OPINION: Rich media a poor name for advertising that works

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In "Pushing too hard may doom rich media", Tom Dugan, president, NewGate Internet, argued that the Internet and its users are simply not ready for a more sophisticated form of advertising. He proposed that "the rich media zealots hop off their bandwagon, sit back a while and ponder the medium they are hoping to affect." He concluded that bandwidth remains a major problem, and the solution to today's online advertising needs is "smaller, less intrusive banners."

Smaller, less intrusive banners? Isn't that regressing to a form of advertising that research has proven to be ineffective? Static Internet banner ads, as a standard, have actually depressed, or at least delayed, interest in investment by big name advertisers. Because advertising dollars make the Internet economy go round, this solution needs to be re-examined. Without big-name advertising funds, the user will ultimately pay.

We've come too far to revert to an advertiser's worst nightmare: a static banner delivering minimal information that many users choose to ignore.

Let's consider the progress that has been made in the world of Internet advertising. After years of skepticism, the Web has revealed itself as a viable medium to risk-averse, traditional advertisers--the breakthrough the online ad industry has been awaiting.

With the support of mainstream advertisers such as Procter & Gamble Co., McDonald's Corp. and Coca-Cola Co., the Internet as an advertising medium has the capability to deliver increased returns for both advertisers and publishers; meanwhile, ad-supported sites can maintain the delivery of free content to the user.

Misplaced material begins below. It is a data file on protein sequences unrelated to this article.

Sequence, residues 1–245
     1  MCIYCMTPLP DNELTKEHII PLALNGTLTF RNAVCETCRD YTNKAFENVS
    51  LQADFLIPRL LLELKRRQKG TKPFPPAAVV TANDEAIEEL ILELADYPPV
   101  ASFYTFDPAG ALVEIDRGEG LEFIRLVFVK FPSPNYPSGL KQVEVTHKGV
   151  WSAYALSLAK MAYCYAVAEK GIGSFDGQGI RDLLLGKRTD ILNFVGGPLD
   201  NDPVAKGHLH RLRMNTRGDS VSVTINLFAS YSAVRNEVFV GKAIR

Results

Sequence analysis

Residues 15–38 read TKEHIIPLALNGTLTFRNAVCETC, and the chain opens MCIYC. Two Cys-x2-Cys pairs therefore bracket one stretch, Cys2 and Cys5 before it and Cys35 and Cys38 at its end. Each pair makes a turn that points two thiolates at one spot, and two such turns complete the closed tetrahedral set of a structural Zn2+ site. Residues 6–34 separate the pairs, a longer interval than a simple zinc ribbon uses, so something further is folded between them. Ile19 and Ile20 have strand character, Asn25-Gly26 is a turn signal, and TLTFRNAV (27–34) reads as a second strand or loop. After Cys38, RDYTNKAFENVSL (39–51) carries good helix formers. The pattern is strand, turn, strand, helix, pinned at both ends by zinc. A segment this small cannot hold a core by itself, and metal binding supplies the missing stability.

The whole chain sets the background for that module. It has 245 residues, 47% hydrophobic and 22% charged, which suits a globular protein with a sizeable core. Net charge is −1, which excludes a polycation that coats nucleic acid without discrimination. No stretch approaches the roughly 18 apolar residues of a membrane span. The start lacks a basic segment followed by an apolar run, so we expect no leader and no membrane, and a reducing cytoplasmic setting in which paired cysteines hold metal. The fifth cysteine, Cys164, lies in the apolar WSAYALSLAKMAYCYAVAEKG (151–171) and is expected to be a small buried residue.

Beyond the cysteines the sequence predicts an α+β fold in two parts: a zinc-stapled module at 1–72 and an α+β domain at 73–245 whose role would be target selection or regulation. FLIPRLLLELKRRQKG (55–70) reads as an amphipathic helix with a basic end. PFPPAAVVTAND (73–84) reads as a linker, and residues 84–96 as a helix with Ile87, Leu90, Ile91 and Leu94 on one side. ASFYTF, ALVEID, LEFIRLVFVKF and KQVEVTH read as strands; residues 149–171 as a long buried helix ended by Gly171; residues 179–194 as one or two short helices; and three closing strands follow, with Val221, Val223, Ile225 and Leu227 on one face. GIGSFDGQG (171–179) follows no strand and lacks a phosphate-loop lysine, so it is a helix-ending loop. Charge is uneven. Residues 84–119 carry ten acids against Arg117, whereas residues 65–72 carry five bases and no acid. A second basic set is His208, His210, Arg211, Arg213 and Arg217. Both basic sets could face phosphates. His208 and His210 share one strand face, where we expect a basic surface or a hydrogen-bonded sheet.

In addition, we've come so far that the bandwidth bottleneck is no longer an excuse for publishers to dismiss more attractive and effective advertising. Today, there are technologies that begin to solve this vexing problem. In fact, some solutions enable the most innovative advertising concepts to be quickly delivered to users over a 28.8K modem.

The time to "sit back and ponder" the medium has passed. It is time to find a better, more effective form of advertising on the Net.

According to research conducted by Grey Interactive and ASI Market Research, larger, more complex and sophisticated online ad units are much more effective than standard banner ads. They are more memorable, have higher click-through rates, offer increased communication and the potential for branding.

Which leads us to a solution--the badly misnamed, and in some circles surprisingly controversial, rich media.

Essentially, rich media gives advertisers the opportunity to begin using some of the creative techniques that have been successful for them in other media. It enables animation and sound to captivate the nature of TV advertising and the interactivity of the Web. It's not richer advertising. It's just better advertising.


Publishers should be working more aggressively to deploy the existing technologies, and understand how they can best be used and improved. It is in their interest to see that these solutions succeed.

Advertisers should begin paying at least as much attention to the creativity of the advertisements themselves as they have to the buying of media--the kind of creativity that has powered the advertising industry in other media.

The technologies are here now. It is time to learn how to put them to best use to begin pushing the creative parameters and show ourselves just how effective advertising on the Internet can be. If we don't learn to use them effectively, the big money will be left on the sidelines, and that would be too bad for everyone.

Richard Hopple is chairman-CEO, Unicast Communications, a New York-based rich-media software company.

Copyright November 1998, Crain Communications Inc.

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